Mental Illness in the New Orleans Black Community


NAMI

You are in the French Quarter.  You notice an African American man pacing about Royal and Canal Street with a sheet wrapped on his head.  He is claiming to be Moses the Prophet and he wants to save the world from the antichrist.  The truth, however, is this: before becoming Moses, he had been trying to save himself for over a decade.  He was desperately looking for the help that he needed and deserved.  He fell between the cracks of a system that failed to recognize his condition.  You see, his real name is Jessie Smith,III.  He could be characterized as well spoken and smart – contributing factors that kept professionals from further examining him during the peak of his tribulations, ages 17 to 30.  He did not “fit” the general mental illness profile, yet Jessie found himself on the streets of New Orleans in a deep state of psychosis.

 

Jessie has come a long way since his mental breakdown in the French Quarter.  He is now a certified peer specialist in mental illness for NAMI (National Alliance of Mental Illness – New Orleans).  He joined NAMI in 1982, when it was known in the city as the Friendship Club.  In a discussion about mental illness in the African American community, Jessie describes his experience.  He characterized it as “being ostracized, being stigmatized, being the ‘black sheep’ of the family…trying to stay in the classroom and complete your classwork and the professor comes to you and tells you, ‘this is your third suspension from the University – don’t come back.’”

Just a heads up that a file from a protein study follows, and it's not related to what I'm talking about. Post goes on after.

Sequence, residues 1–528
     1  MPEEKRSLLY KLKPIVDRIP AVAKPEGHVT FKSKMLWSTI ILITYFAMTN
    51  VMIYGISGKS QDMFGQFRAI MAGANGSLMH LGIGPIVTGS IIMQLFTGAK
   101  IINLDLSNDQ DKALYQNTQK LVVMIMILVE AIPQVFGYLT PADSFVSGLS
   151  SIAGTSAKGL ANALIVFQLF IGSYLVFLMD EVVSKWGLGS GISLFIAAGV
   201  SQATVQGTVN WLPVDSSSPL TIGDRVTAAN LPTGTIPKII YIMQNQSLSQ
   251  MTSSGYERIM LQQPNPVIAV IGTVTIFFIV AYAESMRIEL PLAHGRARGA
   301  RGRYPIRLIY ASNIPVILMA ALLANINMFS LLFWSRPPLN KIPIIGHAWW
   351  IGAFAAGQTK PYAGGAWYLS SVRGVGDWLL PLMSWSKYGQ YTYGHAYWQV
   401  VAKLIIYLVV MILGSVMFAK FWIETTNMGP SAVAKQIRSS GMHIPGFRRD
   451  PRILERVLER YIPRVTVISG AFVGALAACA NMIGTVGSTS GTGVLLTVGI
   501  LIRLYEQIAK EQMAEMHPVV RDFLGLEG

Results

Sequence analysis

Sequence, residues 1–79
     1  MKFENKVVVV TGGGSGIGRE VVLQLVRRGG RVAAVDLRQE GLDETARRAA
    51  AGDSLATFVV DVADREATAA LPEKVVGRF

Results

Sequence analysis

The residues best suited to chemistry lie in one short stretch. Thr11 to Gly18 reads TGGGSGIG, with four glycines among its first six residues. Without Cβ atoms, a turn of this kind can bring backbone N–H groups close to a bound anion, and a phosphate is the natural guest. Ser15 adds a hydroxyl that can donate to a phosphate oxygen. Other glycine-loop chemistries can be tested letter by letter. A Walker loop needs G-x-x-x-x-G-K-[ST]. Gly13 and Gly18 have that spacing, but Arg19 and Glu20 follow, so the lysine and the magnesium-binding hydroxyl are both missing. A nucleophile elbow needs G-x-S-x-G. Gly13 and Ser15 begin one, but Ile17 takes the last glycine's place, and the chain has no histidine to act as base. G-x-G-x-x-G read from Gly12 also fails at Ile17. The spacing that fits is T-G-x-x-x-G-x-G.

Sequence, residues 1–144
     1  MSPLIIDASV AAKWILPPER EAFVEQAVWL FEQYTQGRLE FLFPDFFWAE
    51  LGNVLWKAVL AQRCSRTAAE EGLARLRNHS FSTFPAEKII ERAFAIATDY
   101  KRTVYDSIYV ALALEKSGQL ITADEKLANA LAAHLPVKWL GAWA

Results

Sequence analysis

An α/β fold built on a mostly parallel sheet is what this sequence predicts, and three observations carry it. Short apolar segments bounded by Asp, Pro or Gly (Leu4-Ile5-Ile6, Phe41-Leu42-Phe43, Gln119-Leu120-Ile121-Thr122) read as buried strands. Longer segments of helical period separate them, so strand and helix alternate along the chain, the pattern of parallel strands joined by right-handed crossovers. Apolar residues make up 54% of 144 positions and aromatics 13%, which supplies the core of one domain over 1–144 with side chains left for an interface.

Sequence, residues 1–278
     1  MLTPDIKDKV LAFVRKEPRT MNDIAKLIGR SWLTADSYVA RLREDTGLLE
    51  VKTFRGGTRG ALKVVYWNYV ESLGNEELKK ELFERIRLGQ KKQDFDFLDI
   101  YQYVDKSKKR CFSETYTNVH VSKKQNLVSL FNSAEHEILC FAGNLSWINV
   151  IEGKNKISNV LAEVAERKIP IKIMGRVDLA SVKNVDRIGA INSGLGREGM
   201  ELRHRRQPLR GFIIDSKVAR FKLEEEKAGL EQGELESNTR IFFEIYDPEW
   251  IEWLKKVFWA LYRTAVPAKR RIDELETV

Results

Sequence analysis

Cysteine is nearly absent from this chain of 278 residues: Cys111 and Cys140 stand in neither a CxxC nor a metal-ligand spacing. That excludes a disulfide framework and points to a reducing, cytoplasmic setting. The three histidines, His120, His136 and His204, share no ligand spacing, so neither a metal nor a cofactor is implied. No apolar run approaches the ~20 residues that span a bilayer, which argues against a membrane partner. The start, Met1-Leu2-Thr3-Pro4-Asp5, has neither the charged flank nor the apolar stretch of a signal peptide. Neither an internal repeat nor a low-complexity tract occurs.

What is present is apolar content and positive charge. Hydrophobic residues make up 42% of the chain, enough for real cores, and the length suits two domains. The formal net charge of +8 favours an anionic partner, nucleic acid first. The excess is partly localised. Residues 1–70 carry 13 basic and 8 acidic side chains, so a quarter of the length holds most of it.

Nancy and Bethany Moore, mother and daughter respectively, journey through NAMI – New Orleans with their personal experience with mental illness as African Americans.  Bethany has had three suicide attempts, despite appearing to close friends and family as if she were very well pulled together.  Bethany explains, “In the African American community there is no such thing as mental illness…I am really proud of my mother because she didn’t know.  She comes from the generation where she didn’t know [about mental illness].  I was angry with them for a very long time for allowing me to go through what I went through.  I had three suicide attempts.  They watched me go through life pretending to be this person that I wasn’t because I was doing well in school.  Because I was making money – I looked like I am ok on the outside.  But I was dying on the inside.”

 

Her mother, Nancy, a NAMI Board Member and co-teacher for NAMI’s Family-to-Family education courses, describes generational differences in the perceptions of mental illness.  With regard to her own generation, she says, “You already had enough to deal with – prejudice, discrimination, Jim Crow…to label yourself as having a mental illness was just one more thing that somebody could hold against you.”

 

Mental health issues affect everyone; mental illness is indiscriminate of variables such as race, ethnicity and gender.  However, there are factors particular to the African American community that can perpetuate the predisposition.  Mental Health America reports the following:

 

“People who are impoverished, homeless, incarcerated or have substance abuse problems are at higher risk for poor mental health.  Despite progress made over the years, racism continues to have an impact on the mental health of Black/African Americans. Negative stereotypes and attitudes of rejection have decreased, but continue to occur with measurable, adverse consequences. Historical and contemporary instances of negative treatment have led to a mistrust of authorities, many of whom are not seen as having the best interests of Black/African Americans in mind.”

 

Consider the following data on New Orleans’s African American population, as reported from The New Orleans Prosperity Index – Tricentennial Edition: